Sherrell Dorsey writes in the Charlotte Agenda this week about the implicit and explicit racial dynamics surrounding the annual CIAA Basketball Tournament in Charlotte. Among her incredible analysis of the city’s quiet racial attitudes, she breaks down the weekly demographic shift in a frank way, and from a global perspective.
For those that are still Google-adept, CIAA does have a website filled with lots of words. People (read white people) should read them. They are important, and they detail what doesn’t get mentioned in local press or secretly at those dinner parties where comfortable microaggressions with friends are exchanged while you’re planning how you will strategically exit the city to avoid “those people.”
Because in reality, white people (not all) don’t seek to look at the historic pathology of why black people have to create our own celebrations to celebrate our damn selves. They see mass chaos instead of the relevance of modern-day segregationist necessity for people that continuously have to prove our humanness and self-worth and value to an entire world that devalues us. Every day. For centuries.
There’s more to this assessment, but it involves the white folks who actually remain in Charlotte and who make money off of the tournament’s presence and the crowds it draws. It concerns the economics of major black events, when a hotel can feel comfortable enough to overcharge black patrons in the name of the tournament.
It continues with public safety reactions to the tournament, like the city manager declaring the tournament an “extraordinary event,” a legal term which gives police officials more autonomy for surveillance and random searching of attendees and citizens.
And it concludes with the media, which takes great strides to report and expose crimes committed during the CIAA Tournament in a way that is unequal to other major events held in the city, such as NASCAR, which two years ago yielded more arrests and citations than the CIAA.
These entities are owned and operated by some of the same white people who live in and around Charlotte, and approach their jobs with the same attitudes, perceptions and fears shared by Facebook posters, Tweeters and Instagrammers who want to decry “negroes behaving badly” in the city. The good news is that organizers and attendees could care less about these attitudes, and show up to produce and enjoy one of America’s great sporting events.
The bad news? Because enough of us show up and don’t care about the haze of racial fear and fascination which hovers over the tournament every year, its affects, especially the negative ones, will be around for years to come.
6 thoughts on “White Folks' Fear and Loathing in Charlotte's CIAA Tournament”
Let me first start by saying that I have never been to a ciaa tournament YET.
I see this being true to a point but not as deeply rooted in bigotry (not racism ) as the author puts it.
It would stands to reason that folks who live in the area and have no plans to attend the game would leave for that week to take vacation and have to deal with the huge influx of people.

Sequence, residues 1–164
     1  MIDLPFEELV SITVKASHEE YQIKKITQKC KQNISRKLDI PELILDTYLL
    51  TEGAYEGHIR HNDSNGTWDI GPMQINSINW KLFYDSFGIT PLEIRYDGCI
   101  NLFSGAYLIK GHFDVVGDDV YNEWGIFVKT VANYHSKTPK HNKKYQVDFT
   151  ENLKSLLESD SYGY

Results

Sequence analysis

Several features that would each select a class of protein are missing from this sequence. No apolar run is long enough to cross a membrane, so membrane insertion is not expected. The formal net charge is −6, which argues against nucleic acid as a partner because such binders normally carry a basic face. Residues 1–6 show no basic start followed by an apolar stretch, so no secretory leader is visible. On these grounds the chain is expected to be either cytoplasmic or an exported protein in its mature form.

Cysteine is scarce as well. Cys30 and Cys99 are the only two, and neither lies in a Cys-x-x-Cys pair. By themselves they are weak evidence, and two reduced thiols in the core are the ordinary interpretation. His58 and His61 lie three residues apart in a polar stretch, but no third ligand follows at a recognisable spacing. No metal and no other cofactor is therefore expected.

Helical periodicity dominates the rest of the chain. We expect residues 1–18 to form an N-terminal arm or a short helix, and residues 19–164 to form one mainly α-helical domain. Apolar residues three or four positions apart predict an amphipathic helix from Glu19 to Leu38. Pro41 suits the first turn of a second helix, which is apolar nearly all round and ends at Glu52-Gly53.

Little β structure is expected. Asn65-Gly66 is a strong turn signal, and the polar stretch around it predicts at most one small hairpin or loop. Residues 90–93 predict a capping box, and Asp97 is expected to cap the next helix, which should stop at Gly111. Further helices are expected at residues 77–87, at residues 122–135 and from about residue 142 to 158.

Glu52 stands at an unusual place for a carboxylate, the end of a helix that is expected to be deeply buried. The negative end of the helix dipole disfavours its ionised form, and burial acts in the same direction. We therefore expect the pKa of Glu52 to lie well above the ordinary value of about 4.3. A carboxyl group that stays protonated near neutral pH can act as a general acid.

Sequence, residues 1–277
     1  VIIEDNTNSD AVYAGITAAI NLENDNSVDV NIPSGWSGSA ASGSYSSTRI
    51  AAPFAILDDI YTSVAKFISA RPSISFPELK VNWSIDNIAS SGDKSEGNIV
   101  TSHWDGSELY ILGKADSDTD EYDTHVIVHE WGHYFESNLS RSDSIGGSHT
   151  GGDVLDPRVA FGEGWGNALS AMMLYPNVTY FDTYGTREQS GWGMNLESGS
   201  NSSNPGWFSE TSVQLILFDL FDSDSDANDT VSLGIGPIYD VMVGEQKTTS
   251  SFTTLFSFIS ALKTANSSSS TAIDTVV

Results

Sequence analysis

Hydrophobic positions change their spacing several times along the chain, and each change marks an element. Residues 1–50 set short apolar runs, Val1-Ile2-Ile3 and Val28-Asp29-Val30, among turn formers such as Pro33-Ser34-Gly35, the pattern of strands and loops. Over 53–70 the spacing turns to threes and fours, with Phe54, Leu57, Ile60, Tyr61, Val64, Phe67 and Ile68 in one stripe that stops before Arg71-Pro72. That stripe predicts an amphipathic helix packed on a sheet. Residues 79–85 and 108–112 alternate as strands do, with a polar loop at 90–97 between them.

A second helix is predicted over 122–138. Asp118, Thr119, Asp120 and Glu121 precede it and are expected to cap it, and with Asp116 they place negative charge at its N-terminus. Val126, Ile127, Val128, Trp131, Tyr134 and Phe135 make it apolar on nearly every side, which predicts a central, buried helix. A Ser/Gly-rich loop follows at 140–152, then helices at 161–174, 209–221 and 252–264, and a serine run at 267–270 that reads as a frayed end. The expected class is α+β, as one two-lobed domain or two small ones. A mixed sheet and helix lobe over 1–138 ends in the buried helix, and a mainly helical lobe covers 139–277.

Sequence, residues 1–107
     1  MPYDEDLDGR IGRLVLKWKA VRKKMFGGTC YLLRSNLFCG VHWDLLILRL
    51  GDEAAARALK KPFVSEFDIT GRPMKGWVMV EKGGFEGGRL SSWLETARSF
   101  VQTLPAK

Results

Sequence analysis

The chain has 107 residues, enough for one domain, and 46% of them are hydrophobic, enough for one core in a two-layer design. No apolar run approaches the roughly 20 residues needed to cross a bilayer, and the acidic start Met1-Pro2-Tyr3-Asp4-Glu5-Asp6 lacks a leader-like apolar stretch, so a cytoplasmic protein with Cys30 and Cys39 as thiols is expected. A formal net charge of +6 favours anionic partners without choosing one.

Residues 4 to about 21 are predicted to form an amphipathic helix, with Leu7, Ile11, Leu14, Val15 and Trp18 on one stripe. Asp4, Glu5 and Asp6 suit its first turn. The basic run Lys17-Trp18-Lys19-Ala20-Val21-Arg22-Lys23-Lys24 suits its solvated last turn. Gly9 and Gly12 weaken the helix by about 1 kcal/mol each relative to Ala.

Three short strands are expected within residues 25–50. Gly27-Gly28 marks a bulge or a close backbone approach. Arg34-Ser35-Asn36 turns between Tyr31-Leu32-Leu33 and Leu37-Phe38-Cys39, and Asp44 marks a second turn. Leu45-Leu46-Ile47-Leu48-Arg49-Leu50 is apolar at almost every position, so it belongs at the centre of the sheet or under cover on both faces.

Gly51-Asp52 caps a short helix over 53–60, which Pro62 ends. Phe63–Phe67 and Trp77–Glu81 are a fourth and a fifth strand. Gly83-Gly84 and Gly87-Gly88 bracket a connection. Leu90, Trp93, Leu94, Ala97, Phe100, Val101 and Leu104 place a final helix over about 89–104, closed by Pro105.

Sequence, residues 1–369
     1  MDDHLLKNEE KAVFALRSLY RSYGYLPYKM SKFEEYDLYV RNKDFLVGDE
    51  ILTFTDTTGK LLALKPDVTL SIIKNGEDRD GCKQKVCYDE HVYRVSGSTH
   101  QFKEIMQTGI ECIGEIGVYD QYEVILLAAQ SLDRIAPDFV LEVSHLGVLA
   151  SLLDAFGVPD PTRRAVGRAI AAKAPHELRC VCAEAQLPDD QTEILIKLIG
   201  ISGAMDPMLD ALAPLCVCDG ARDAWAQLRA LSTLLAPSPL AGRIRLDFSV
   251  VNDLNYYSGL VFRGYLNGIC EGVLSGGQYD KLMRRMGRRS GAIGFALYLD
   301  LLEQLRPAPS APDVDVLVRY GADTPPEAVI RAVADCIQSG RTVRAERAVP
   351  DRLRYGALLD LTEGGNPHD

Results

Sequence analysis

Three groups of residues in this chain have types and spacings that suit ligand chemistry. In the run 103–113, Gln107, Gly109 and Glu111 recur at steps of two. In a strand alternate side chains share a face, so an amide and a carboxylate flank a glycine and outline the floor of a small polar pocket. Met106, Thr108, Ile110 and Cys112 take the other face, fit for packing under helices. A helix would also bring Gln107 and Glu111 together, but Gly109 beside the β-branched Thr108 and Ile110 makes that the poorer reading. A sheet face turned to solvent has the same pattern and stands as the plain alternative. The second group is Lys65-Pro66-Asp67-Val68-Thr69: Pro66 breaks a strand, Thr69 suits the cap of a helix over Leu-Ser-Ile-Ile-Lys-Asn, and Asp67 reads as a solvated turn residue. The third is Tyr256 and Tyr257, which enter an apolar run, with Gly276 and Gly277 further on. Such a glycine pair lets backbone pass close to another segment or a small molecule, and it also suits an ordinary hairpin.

I’m from NYC where information about the CIAA is
virtually non-existent. I wish I had known about this tournament years ago so that my family and I could attend because it sounds fabulous!! Thanks for this informative article and it’s links to other information about the CIAA. As for the racist, hateful, jealous attitudes of white haters, who cares if they leave Charlotte for a few days? Really Black Brothers and Sisters, in 2016 we NEED to STOP CARING about what the racist great grand children of our ancestors’ enslavers, think, feel, might do or wish they could do in response to OUR ACTS OF SELF-DETERMINATION, which is what the CIAA among other good things really is as well. If Charlotte doesn’t want to host the VERY ECONOMICALLY LUCRATIVE CIAA in 2017 I’d bet that there are other cities that want the revenue who will jump at the opportunity to do so. We better STOP begging white racists to like us, accept us, let us spend our money with them, approve of what we do or don’t do and ACT LIKE A FREE PEOPLE WHO LOVE AND HONOR OURSELVES.
Totally agree, but I think its more than a matter of caring about what white folks think about us and our tournament. I think people leaving is just an extension of the attitudes that leave us overcharged at bars, getting extra scrutiny from cops, and other undesirable elements of 100K of us being in the same place at the same time. White people leaving isn’t the issue; its the people who think the same way who are staying in town for the week.
Where is this extra scrutiny coming from? Charlotte cops are awesome.
Now, the city declaring the ciaa an extraordinary event is nothing new people. All major events are extraordinary including major panther games. Charlotte cops have told me in the past that they enjoy the ciaa more than they enjoy the redneck speed street event before the Memorial Day race. Now, that is saying something. You would much rather deal with black people than drunk nascar fans.
Awsome CIAA shooting this year ! Some black gentlemen in for the tournament were shooting cars and a hotel up with machine guns from a parking garage! Way to not let us down guys! I wonder if its things like that keeping the evil opressive white folk away? What racists!
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